Last Friday found me up Kayford Mountain in West Virginia, gazing at a horrific Mountaintop Removal site and wishing that Ken Lewis, CEO of Bank of America, were by my side. I had just spent all of last week in the area, meeting with friends and allies, drinking in the incredible scenery, dodging coal trucks on narrow windy roads, seeing the scars where mountains used to stand and hearing outrageous stories about contaminated water from coal mining. It was a moving, inspiring and ultimately bizarre few days…because who do you think I ran into up that big ol’ mountain? None other than three of our friends from Bank of America.
What were they doing there you ask? Well apparently, they heard all the ruckus we’ve all been making – about Mountaintop Removal and the fact that their very own bank has been financing the practice to the hilt, and decided to come on down and check it out themselves. They were greeted by the famous Larry Gibson, an unbelievably charming gentleman who’s cabin is perched right up on top of Kayford on one of the last patches of un-blasted land. His family cemetery hasn’t been so lucky–it was blown up a few years ago by Massey Energy as they made their way down to a six inch seam of coal hundreds of feet below his family’s resting bones. Larry was joined by friends from Coal River Mountain Watch, Save Our Cumberland Mountains, Appalachian Voices and, of course, yours truly and our friends from NRDC who were accompanying Bank of America on the trip.
It was odd and not entirely comfortable seeing these city-bound bankers come face-to-face with the people who are impacted by their financing: the ex-union-coal-miner, the Appalachian women who are willing to do anything to protect their kin and just simply the people who live in the shadow of these threatened mountains, many of whom are sick and dying because of the way coal is being mined here. The bankers didn’t look at ease, but to their credit they were good sports – tramping out to the edge of the blast site in terrific heat, asking questions and generally gathering as many stories and facts as they could on their short visit. It wasn’t clear to me what exactly they intend to do with this information, nor what the next steps will be, but one thing became abundantly clear by the end of the trip—Bank of America is feeling pressure. As they were leaving, I thanked them for the effort they had made, and as one of them gripped my hand in the firmest handshake I’ve ever had…..she said calmly: “I believe you’re having a day of action against us today.”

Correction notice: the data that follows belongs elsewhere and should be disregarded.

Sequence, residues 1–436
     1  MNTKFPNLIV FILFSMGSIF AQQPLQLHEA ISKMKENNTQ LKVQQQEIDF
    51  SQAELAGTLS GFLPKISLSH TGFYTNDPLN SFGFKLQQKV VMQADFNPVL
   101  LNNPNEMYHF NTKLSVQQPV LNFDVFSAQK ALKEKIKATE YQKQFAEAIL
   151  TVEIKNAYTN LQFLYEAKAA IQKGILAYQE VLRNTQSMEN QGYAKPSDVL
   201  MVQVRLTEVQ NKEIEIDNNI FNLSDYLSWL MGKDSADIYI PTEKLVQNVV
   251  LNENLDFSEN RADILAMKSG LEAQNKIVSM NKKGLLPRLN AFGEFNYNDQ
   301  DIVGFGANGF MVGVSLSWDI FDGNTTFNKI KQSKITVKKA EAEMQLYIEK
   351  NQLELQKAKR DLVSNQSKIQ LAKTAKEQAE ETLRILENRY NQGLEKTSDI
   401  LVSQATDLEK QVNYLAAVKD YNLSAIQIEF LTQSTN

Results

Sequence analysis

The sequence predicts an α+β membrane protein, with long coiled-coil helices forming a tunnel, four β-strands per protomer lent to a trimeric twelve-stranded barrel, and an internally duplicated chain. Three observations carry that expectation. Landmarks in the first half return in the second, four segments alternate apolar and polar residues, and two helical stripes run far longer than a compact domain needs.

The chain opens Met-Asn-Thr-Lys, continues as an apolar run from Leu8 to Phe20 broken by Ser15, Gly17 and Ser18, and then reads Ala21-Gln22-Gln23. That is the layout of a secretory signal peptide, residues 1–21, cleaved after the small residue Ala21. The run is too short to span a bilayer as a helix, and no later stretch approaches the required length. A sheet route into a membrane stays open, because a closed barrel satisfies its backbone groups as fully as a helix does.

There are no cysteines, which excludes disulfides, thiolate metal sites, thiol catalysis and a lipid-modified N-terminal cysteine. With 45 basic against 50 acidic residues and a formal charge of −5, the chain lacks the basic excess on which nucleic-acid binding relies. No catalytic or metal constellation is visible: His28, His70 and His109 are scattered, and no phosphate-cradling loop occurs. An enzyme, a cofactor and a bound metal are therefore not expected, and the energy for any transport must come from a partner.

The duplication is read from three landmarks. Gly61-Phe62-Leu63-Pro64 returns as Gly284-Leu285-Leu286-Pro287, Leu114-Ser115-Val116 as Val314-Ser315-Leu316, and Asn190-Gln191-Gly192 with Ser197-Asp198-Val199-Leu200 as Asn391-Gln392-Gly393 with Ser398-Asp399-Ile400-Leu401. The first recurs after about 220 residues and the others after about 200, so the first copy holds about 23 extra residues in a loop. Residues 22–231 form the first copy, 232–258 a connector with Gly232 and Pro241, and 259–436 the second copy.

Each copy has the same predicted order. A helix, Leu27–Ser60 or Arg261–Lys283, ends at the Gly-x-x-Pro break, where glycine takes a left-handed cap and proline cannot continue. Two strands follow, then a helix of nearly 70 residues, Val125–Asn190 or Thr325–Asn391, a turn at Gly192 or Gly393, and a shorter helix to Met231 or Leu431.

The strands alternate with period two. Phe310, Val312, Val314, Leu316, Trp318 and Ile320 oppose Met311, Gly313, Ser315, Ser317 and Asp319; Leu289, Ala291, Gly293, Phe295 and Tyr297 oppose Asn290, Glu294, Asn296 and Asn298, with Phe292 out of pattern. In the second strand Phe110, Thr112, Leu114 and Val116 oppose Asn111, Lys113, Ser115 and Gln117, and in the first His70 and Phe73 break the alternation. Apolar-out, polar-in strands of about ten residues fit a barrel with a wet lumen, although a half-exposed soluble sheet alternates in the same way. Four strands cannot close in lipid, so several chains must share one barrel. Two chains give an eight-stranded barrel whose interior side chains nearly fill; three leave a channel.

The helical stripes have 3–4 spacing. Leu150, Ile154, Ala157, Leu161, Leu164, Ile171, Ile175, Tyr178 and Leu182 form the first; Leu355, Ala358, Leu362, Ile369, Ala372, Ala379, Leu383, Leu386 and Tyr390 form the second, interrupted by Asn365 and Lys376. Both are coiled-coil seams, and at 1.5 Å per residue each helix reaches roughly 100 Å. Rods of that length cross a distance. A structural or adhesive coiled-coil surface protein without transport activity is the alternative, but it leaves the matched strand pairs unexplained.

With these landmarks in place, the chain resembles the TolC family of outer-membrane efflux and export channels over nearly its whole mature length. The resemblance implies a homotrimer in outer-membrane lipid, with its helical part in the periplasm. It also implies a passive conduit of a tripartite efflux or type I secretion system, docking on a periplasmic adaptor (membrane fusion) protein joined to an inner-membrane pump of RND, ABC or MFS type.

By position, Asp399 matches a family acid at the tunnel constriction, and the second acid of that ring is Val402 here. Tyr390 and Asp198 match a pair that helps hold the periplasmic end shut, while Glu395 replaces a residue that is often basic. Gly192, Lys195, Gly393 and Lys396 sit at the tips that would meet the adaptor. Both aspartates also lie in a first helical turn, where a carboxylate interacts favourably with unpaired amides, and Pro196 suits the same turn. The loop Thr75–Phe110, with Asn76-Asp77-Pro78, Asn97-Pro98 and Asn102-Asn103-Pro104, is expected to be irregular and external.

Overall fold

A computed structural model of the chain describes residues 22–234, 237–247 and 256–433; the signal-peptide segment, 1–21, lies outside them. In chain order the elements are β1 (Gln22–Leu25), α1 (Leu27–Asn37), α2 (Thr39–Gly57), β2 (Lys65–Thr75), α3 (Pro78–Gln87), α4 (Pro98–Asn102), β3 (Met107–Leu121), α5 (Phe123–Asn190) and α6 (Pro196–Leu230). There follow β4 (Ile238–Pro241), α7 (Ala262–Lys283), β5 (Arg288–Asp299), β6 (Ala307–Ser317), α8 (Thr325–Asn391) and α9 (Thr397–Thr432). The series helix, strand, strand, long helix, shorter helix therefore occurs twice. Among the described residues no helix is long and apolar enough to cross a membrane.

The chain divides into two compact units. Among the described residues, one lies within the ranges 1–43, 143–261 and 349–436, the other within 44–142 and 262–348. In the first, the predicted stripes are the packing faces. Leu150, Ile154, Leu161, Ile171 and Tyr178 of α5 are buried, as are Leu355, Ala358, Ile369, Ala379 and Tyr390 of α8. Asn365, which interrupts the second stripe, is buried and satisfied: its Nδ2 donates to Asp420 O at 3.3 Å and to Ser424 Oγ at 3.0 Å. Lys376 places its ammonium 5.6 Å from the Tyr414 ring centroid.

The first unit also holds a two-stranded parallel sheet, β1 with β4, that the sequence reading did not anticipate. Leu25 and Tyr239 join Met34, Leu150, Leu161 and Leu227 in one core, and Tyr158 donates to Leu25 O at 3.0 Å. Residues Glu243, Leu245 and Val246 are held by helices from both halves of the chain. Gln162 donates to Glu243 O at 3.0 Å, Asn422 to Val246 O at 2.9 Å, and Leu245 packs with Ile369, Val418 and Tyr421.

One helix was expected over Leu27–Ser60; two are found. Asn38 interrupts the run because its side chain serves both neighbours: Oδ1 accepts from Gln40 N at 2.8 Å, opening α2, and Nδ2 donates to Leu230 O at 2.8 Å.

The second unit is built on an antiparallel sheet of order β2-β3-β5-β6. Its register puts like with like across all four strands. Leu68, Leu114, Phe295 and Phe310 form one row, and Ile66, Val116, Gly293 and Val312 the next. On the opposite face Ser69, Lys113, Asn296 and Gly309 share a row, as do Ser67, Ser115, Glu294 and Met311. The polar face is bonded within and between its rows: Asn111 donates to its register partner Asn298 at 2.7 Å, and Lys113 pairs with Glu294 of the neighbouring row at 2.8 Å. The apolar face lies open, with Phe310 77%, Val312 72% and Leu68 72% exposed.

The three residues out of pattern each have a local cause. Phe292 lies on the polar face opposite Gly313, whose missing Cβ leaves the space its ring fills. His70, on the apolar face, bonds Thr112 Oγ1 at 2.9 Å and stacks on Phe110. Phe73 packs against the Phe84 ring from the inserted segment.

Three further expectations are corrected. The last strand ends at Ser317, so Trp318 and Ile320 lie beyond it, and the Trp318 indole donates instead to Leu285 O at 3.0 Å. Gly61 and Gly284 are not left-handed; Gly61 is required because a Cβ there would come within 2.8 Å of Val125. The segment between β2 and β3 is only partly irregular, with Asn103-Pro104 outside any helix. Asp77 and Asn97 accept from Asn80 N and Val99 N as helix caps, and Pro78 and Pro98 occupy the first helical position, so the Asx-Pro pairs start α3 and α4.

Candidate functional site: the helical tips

Oh really? How awkward (I thought). What I said was, “it isn’t us.” Because, you see – it wasn’t. Sure, RAN launched a campaign against Bank of America last November, and it’s true that we’ve been working as hard as we can to convince them to stop financing coal. But it’s not just “us” who are keeping that pressure up. It’s all the hundreds of groups around the country who have taken on the campaign and are committed to seeing an end to coal financing. It’s all of you. So thank you. Because make no mistake – Bank of America flying over Appalachia is important – no bank has ever made this effort before, and it shows beyond a shadow of a doubt that they are impacted by the campaign we are all running to end MTR and dirty coal financing. It shows that all the hard work of our allies along with RAN is paying off, and it should inspire us to keep up the pressure.
And it shows that Bank of America has the integrity to investigate the impacts of their financing. It may be a small step, but it’s a very important one.
So Ken, if you’re listening? I missed you. We missed you. But don’t worry, if we have anything to do with it Kayford Mountain won’t be going anywhere, so you can come and visit. That’s a promise.